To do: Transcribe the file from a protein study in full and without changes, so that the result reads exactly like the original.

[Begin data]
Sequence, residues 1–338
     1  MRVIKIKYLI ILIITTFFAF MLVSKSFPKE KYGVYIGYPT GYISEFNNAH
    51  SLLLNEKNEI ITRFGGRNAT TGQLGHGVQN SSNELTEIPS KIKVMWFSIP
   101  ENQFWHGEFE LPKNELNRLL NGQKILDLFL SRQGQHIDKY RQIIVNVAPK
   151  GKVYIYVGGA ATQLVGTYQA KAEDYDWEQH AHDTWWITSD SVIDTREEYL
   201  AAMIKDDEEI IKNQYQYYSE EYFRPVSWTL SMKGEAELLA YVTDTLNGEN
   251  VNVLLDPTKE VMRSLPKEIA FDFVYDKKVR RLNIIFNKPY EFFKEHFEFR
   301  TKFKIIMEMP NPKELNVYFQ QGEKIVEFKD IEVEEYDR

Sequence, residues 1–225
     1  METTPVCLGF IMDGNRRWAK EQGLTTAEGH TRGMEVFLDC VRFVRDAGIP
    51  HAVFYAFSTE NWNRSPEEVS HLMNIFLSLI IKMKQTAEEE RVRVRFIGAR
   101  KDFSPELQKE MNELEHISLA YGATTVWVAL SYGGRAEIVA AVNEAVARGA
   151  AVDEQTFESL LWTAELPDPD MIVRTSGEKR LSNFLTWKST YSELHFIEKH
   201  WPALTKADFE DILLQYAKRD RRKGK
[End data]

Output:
Sequence, residues 1–338
     1  MRVIKIKYLI ILIITTFFAF MLVSKSFPKE KYGVYIGYPT GYISEFNNAH
    51  SLLLNEKNEI ITRFGGRNAT TGQLGHGVQN SSNELTEIPS KIKVMWFSIP
   101  ENQFWHGEFE LPKNELNRLL NGQKILDLFL SRQGQHIDKY RQIIVNVAPK
   151  GKVYIYVGGA ATQLVGTYQA KAEDYDWEQH AHDTWWITSD SVIDTREEYL
   201  AAMIKDDEEI IKNQYQYYSE EYFRPVSWTL SMKGEAELLA YVTDTLNGEN
   251  VNVLLDPTKE VMRSLPKEIA FDFVYDKKVR RLNIIFNKPY EFFKEHFEFR
   301  TKFKIIMEMP NPKELNVYFQ QGEKIVEFKD IEVEEYDR

Sequence, residues 1–225
     1  METTPVCLGF IMDGNRRWAK EQGLTTAEGH TRGMEVFLDC VRFVRDAGIP
    51  HAVFYAFSTE NWNRSPEEVS HLMNIFLSLI IKMKQTAEEE RVRVRFIGAR
   101  KDFSPELQKE MNELEHISLA YGATTVWVAL SYGGRAEIVA AVNEAVARGA
   151  AVDEQTFESL LWTAELPDPD MIVRTSGEKR LSNFLTWKST YSELHFIEKH
   201  WPALTKADFE DILLQYAKRD RRKGK